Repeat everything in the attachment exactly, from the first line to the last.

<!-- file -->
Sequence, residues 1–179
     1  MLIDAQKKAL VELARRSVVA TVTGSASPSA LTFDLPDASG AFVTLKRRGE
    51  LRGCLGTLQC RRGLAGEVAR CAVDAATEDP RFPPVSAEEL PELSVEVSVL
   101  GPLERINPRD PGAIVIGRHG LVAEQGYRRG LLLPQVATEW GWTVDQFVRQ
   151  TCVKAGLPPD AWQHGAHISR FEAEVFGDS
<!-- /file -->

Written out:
Sequence, residues 1–179
     1  MLIDAQKKAL VELARRSVVA TVTGSASPSA LTFDLPDASG AFVTLKRRGE
    51  LRGCLGTLQC RRGLAGEVAR CAVDAATEDP RFPPVSAEEL PELSVEVSVL
   101  GPLERINPRD PGAIVIGRHG LVAEQGYRRG LLLPQVATEW GWTVDQFVRQ
   151  TCVKAGLPPD AWQHGAHISR FEAEVFGDS